Similarly, the Fair Work Act says that an employer’s action doesn’t constitute ‘adverse action’ if it relates to the ‘inherent requirements of the job’. Unlike the Disability Discrimination Act, the employer doesn’t generally have to prove that the employee can’t perform the role, only that it was a genuine consideration.
Health and safety grounds
In NSW at least, it’s not unlawful to discriminate against someone where it’s done to comply with Public Health Orders. That means, for instance, where someone has an infectious disease, such as Hepatitis A, they can legitimately be excluded from food handling duties or other duties where the possibility of infecting others is high.
Of course, the right to discriminate on health and safety grounds has taken on a whole new meaning over the past 12 months, in light of COVID-19. Vaccine mandates have been upheld in court many workers who have refused to be vaccinated – such as those in NSW’s education system – have been legitimately being stood down.
The grounds of religious belief
One of the most topical areas impacted by discrimination laws, and the main source of contention in the Commonwealth Government’s failed anti-discrimination laws is an employer’s right to discriminate on religious grounds. This has a point of contention for some religious institutions and religion-based private schools in particular.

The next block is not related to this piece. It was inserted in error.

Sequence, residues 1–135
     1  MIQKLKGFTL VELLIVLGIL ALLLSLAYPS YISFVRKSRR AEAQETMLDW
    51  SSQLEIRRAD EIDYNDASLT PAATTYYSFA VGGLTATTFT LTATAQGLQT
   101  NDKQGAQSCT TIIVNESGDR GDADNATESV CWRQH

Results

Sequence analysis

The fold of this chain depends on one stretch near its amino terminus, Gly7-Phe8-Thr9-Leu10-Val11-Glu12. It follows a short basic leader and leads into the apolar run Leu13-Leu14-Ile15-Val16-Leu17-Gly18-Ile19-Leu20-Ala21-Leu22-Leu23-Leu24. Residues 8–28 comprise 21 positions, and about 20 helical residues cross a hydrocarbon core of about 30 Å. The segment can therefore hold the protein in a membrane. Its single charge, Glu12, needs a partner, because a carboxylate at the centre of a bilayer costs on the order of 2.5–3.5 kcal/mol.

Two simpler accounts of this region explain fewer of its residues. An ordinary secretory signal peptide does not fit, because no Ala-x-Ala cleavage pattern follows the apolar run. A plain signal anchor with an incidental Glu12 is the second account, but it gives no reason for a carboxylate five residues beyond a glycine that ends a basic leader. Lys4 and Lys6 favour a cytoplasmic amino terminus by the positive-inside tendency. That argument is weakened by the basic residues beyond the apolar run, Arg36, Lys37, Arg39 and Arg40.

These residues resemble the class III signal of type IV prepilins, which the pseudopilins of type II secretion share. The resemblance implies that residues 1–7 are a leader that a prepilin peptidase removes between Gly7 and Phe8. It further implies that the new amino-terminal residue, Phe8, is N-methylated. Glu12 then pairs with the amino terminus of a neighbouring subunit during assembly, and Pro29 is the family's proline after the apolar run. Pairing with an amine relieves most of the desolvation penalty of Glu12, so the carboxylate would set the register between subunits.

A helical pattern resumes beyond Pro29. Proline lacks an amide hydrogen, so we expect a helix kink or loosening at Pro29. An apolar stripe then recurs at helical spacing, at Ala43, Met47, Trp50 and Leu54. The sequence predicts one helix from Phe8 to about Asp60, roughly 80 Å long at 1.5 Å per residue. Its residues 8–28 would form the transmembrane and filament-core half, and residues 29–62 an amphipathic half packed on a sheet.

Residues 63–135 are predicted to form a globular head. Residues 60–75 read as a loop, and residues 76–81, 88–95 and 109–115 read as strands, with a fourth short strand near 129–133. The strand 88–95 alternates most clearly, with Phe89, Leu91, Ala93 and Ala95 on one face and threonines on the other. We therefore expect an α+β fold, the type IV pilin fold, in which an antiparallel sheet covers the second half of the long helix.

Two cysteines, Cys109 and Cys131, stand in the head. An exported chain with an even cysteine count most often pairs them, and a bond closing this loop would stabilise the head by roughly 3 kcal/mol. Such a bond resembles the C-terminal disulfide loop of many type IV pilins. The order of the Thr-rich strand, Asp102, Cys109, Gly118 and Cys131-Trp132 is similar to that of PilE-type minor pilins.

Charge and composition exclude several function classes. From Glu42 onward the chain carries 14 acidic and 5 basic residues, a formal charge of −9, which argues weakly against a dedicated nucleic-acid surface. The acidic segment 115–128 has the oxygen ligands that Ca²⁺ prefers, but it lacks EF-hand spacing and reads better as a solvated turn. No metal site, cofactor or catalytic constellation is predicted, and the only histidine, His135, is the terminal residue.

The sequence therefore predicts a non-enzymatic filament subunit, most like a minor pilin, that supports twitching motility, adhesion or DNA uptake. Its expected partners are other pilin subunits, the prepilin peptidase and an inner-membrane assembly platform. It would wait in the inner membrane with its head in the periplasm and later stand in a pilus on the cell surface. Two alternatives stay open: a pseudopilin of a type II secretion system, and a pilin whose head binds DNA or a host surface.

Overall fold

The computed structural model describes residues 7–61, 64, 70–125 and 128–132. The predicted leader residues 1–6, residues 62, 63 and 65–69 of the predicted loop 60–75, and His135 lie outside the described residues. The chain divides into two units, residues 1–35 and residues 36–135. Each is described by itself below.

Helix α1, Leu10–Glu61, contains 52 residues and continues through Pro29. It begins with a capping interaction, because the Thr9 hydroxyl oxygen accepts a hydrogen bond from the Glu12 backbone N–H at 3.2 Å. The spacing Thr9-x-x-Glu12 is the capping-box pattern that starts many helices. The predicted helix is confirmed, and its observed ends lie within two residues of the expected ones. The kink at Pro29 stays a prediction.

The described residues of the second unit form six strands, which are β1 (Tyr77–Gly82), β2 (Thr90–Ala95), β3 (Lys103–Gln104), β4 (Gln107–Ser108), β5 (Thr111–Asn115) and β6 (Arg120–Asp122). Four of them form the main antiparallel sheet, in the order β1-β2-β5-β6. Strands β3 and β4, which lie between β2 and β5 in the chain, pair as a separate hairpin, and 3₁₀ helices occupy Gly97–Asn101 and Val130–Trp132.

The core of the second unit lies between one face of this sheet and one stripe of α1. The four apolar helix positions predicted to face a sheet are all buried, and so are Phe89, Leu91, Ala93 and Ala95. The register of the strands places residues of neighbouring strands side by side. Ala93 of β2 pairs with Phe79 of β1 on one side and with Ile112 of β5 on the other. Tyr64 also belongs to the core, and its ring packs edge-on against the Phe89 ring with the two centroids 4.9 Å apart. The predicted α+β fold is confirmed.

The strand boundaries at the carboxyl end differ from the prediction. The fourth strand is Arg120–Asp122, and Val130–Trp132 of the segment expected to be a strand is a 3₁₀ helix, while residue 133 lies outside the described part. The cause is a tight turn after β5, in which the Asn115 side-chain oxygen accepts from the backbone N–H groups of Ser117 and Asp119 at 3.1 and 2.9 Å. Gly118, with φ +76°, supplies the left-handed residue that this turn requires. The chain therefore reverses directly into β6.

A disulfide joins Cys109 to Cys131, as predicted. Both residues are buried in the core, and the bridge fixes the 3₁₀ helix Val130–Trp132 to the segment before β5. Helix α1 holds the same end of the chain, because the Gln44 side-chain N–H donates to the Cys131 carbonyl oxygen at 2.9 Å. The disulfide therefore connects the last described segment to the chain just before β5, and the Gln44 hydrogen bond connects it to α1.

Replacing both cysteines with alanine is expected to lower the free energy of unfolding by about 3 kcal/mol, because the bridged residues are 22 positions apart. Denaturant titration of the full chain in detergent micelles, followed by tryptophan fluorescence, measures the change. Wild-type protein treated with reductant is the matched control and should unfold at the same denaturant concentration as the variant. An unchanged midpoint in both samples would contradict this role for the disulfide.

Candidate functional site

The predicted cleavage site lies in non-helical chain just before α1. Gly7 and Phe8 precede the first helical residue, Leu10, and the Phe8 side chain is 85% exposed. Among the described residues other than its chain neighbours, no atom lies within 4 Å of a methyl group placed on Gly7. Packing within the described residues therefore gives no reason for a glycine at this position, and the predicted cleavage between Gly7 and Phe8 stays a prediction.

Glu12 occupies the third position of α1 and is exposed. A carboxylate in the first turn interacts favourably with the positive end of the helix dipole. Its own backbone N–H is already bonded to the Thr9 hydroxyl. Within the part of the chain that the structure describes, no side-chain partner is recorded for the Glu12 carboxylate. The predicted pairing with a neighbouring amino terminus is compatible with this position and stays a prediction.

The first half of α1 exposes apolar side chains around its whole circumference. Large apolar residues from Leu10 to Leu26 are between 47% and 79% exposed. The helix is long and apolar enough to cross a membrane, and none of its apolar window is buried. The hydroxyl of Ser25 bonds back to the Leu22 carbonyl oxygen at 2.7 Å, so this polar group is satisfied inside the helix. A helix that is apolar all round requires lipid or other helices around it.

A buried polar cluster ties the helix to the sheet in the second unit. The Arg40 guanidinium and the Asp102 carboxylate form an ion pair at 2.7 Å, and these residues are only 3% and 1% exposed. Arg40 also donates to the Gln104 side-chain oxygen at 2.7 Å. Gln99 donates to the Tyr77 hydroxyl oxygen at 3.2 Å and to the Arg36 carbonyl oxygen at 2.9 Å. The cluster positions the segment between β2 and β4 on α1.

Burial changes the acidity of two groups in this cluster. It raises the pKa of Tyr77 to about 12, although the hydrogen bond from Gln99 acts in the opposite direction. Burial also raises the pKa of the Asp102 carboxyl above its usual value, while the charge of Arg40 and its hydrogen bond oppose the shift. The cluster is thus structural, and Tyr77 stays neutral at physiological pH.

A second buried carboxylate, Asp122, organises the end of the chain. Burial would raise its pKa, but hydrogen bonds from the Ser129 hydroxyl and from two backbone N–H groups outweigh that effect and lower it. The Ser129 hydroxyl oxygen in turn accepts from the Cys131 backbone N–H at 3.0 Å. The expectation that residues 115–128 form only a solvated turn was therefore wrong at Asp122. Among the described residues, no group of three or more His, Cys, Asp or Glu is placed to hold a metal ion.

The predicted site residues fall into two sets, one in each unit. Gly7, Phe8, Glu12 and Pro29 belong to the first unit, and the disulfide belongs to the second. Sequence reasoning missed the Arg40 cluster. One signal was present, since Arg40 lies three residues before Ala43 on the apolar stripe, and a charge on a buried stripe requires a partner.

But this right is actually often already enshrined in various pieces of legislation. For example, section 37 of the Sex Discrimination Act excludes religious bodies from the discrimination provisions insofar as they affect the ordination of priests or ministers, appointing people to perform duties or any other practice. Section 38 of the Sex Discrimination Act provides an exemption allowing educational institutions to discriminate against someone – including based on their marital status, sexuality or gender identity – where it is in line with the doctrines of that religion.
The Age Discrimination Act also contains a similar exemption for religious bodies. Meanwhile, the Australian Human Rights Commission Act 1986, ‘excludes any distinction, exclusion or preference in connection with employment of a person in a religious institution, if the distinction, exclusion or preference is made in order to avoid injury to the religious susceptibilities of adherents of that religion’.
In short, there are already ample ways for religious-based organisations to get around anti-discrimination laws where it’s in line with their beliefs.
The consequences of getting it wrong
While there are always some bodies that can get around anti-discrimination laws, the reality is that in most instances and for most employers and employees, they still very much apply. Getting it wrong may not just lead to the cost of an anti-discrimination claim or unlawful dismissal case, it can lead to severe reputational damage.
For this reason, it’s always best to play it safe and to go into an instance where discrimination may occur knowing your obligations and your options.
If you’d like to know more about these, get in touch.